I went trekking in Nepal, and all I got was a swollen brain. Spoiler alert: I’m still alive. Luckily, I have friends who like me with a normal-sized brain.
Travelling as a solo female isn’t as dangerous as people tend to make it out to be. But in this part of the world, I feel more vulnerable than I have anywhere else, and I’m not entirely sure I’m okay with it.
Apparently, even I have my limits, but they aren’t as dramatic or as impressive as you might expect. Costa Rica, of all places, is where I finally broke down, and ran back home. Here’s why.
Once again, I’ve lost a whole pile of my things in a foreign country. But instead of this spurring me to reject materialism and all its perceived evils, I choose to embrace it.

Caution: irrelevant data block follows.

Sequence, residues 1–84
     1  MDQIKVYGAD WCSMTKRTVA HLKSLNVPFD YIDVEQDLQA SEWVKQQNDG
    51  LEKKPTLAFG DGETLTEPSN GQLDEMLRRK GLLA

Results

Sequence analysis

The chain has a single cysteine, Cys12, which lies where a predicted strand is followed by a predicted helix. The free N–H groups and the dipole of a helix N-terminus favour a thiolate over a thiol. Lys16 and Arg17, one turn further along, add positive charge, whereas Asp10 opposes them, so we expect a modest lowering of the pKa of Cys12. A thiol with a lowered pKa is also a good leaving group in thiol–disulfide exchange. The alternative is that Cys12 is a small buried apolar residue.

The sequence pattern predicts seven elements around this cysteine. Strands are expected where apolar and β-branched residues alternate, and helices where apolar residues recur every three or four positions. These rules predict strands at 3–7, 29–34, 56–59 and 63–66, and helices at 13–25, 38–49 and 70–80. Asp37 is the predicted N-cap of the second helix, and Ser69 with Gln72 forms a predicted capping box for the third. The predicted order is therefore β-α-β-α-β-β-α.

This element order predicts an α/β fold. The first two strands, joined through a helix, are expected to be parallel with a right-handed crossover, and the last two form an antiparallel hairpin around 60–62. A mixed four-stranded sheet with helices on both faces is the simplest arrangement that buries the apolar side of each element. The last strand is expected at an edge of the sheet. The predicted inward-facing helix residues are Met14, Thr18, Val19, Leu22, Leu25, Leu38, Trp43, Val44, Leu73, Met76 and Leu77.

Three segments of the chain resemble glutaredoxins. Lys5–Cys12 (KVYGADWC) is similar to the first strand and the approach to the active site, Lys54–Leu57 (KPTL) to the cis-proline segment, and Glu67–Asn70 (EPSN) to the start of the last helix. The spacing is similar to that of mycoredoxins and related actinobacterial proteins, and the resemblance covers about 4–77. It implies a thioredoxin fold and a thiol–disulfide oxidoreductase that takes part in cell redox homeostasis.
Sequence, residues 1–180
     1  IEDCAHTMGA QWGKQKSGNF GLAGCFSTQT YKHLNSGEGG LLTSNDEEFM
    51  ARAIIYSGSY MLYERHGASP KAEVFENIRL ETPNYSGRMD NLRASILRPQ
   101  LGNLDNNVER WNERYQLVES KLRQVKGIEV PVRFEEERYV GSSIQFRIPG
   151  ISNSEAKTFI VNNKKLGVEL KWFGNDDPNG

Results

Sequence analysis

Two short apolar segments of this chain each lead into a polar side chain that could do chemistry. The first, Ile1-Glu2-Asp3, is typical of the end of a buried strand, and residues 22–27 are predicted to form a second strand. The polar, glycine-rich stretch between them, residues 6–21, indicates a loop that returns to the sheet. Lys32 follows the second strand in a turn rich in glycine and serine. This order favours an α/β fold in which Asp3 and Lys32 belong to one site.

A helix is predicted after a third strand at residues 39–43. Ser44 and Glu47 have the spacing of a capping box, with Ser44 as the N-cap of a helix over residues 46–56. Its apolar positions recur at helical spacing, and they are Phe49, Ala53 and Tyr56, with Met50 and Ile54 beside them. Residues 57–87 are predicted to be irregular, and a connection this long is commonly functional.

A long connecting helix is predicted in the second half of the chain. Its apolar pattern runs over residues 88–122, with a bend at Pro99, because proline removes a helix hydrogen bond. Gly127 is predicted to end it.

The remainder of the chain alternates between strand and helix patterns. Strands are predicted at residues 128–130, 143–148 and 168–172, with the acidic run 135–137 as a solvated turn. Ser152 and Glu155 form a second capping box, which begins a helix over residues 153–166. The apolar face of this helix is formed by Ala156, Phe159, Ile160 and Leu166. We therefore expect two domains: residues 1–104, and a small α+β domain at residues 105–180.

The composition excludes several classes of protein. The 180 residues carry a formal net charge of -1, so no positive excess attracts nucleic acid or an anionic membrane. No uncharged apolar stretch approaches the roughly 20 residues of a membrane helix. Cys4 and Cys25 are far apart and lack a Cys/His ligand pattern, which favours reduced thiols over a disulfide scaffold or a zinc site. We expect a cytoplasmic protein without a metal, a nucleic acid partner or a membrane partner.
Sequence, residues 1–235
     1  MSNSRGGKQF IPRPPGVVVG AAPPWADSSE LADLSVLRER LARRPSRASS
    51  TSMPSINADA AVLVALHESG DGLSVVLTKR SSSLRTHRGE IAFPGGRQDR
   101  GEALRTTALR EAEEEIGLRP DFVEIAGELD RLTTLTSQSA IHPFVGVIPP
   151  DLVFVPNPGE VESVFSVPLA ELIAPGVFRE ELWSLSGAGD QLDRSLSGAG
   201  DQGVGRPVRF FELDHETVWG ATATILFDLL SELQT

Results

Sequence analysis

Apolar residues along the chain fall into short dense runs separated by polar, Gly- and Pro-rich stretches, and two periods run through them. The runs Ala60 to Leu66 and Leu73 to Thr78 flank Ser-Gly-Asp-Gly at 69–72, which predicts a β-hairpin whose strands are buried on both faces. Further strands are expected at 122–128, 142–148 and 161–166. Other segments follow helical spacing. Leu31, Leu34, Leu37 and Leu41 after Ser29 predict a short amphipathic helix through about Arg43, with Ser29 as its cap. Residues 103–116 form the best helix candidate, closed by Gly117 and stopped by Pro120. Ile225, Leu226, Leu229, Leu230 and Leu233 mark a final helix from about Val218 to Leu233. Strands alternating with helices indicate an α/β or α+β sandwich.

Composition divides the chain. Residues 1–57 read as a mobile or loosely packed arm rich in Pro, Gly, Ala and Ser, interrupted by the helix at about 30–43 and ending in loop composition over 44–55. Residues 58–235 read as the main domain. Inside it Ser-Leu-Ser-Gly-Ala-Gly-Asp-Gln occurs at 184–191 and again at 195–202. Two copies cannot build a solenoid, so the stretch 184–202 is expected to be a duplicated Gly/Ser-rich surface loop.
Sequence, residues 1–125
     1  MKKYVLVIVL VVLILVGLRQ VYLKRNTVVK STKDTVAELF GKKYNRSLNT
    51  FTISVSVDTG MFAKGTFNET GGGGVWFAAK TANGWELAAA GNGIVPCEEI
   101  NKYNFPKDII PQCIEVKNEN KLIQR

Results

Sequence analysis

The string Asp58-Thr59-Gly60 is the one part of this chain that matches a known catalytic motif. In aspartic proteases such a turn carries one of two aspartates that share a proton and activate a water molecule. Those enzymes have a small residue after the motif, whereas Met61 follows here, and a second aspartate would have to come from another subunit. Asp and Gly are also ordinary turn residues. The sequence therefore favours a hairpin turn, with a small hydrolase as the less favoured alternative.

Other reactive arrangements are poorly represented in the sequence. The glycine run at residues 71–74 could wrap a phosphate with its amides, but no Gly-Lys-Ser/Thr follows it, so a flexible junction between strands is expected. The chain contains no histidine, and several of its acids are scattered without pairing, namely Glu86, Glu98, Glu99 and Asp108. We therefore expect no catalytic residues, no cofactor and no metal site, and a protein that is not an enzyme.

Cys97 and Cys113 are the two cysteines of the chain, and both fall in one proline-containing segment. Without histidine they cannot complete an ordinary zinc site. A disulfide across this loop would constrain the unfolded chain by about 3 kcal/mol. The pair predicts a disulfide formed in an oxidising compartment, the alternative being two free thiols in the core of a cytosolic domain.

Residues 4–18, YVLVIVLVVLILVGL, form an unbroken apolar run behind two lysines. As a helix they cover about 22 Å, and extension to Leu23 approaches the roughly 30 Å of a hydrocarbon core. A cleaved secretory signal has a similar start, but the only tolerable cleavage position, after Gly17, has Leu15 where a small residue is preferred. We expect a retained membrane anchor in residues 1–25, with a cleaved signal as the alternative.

I’ve been so busy, I completely abandoned blog posts for six months. In that time, I went to ten different countries, bought a motorbike and learned to ride it, and made a few websites.
People are always telling me how lucky I am to do what I do. A lot of it’s about luck, sure, but it’s also a lot of work. Here’s how I make it happen.
Feeling adrift in Istanbul, a city of minaret spires and sludgy coffee that spans two continents. More rambling on “home” when you’re a vagabond.
How landed myself in a Thai jail and came out on top: more stories of stress and madness from one of the world’s hottest, maddest cities.
I spent a month slow-travelling through Southeast Asia’s broken places. My tales of losses, gains, and high-powered automatic rifles amid the chaos.
It’s my first-time ever in Asia, and I’m a little homesick. This is a new feeling for me, but it’s been a long time since I’ve been somewhere so utterly foreign.